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Arthur F. Jones Jr., Barbara Downs, Stephanie Shipp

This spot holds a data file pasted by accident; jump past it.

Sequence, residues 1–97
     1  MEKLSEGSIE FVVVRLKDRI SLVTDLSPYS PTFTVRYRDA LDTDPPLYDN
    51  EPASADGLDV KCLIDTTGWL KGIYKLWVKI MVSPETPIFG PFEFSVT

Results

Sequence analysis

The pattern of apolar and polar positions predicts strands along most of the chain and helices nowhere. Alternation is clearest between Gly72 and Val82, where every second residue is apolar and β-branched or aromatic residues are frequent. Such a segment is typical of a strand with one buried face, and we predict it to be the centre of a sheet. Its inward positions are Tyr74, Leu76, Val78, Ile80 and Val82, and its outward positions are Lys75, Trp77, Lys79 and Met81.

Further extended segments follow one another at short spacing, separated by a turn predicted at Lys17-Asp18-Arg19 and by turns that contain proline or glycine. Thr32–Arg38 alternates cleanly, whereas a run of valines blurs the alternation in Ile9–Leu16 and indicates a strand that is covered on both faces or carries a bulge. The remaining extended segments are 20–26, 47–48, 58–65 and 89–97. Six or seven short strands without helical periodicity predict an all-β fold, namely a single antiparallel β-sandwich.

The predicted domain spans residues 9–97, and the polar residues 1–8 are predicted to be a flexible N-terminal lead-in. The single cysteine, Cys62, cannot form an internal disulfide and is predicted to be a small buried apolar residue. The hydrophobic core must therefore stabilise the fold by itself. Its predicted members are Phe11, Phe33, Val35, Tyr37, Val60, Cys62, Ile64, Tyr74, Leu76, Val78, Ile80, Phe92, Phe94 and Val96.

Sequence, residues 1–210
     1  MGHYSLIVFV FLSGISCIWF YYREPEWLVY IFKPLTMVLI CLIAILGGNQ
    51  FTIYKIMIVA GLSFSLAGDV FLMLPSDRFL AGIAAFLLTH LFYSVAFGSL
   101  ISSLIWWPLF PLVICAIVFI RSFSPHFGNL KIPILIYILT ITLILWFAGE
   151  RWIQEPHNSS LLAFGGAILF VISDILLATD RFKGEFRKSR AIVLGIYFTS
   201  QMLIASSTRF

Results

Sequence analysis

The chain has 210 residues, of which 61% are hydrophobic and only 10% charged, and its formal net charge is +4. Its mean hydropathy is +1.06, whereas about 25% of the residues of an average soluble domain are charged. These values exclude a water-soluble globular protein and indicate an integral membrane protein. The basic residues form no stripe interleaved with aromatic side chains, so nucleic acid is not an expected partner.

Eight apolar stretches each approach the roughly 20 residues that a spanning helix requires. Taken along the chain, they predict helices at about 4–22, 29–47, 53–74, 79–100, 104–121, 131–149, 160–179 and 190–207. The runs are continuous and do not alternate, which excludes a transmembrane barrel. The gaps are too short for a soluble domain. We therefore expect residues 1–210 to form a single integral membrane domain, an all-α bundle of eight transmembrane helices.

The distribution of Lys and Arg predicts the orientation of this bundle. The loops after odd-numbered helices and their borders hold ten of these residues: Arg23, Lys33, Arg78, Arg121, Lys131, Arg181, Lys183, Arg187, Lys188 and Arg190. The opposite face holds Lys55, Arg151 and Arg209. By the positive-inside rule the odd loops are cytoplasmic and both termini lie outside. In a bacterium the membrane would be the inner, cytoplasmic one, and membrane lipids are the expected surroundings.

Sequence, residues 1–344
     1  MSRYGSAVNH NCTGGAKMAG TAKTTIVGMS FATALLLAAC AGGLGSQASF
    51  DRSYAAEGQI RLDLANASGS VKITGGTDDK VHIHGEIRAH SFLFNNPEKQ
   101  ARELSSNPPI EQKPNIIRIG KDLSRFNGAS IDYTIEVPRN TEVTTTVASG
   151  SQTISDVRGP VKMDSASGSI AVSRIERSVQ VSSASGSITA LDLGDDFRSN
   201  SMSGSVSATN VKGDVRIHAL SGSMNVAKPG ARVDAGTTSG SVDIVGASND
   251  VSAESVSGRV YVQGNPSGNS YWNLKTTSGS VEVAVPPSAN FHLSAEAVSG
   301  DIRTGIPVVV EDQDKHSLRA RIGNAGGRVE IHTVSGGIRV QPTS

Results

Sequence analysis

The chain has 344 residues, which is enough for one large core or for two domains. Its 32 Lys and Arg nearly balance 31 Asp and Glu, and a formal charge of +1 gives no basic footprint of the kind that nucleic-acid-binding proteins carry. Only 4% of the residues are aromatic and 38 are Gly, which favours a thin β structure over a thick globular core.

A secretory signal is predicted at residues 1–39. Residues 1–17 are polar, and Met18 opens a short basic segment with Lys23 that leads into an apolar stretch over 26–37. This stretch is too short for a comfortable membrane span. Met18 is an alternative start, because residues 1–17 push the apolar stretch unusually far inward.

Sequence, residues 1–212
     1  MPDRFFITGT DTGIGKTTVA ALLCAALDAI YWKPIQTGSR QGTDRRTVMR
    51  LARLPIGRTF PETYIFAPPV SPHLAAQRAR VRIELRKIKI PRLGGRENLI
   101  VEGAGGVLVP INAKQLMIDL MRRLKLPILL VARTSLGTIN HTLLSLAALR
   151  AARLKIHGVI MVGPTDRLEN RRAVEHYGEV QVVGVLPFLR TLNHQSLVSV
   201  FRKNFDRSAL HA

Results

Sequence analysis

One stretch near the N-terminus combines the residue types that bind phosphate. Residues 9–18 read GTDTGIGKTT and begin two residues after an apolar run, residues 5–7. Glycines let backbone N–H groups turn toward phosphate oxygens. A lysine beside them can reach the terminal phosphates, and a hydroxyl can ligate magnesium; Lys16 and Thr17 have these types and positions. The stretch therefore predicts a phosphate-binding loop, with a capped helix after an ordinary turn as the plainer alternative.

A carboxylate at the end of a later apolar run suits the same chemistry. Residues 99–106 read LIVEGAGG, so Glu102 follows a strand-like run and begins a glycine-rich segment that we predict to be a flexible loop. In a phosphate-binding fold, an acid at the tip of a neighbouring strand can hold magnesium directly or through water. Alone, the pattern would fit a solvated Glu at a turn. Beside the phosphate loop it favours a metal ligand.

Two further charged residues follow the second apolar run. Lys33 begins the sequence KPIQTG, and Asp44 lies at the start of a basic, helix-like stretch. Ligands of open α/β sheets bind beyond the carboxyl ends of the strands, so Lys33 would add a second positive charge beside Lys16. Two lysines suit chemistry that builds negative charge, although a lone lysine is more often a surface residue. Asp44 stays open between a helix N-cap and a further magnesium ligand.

The Personal Responsibility and Work Opportunity Reconciliation Act of 1996 (PRWORA) is the most significant piece of welfare legislation since Aid to Families with Dependent Children (AFDC) established in 1935 as part of Franklin Roosevelt's New Deal. One of the main features of the new welfare reform law is the end of the federal government's 61-year old entitlement program, AFDC, which is replaced by a block grant program to states called Temporary Assistance for Needy Families (TANF). (1) PRWORA also establishes time limits for benefits and requires states, not the federal government, to be responsible for managing and administering public assistance payments. In addition, it requires welfare recipients to participate in community service programs or skills enhancement activities while receiving benefits and allows states to provide additional services to help break the cycle of welfare dependency.

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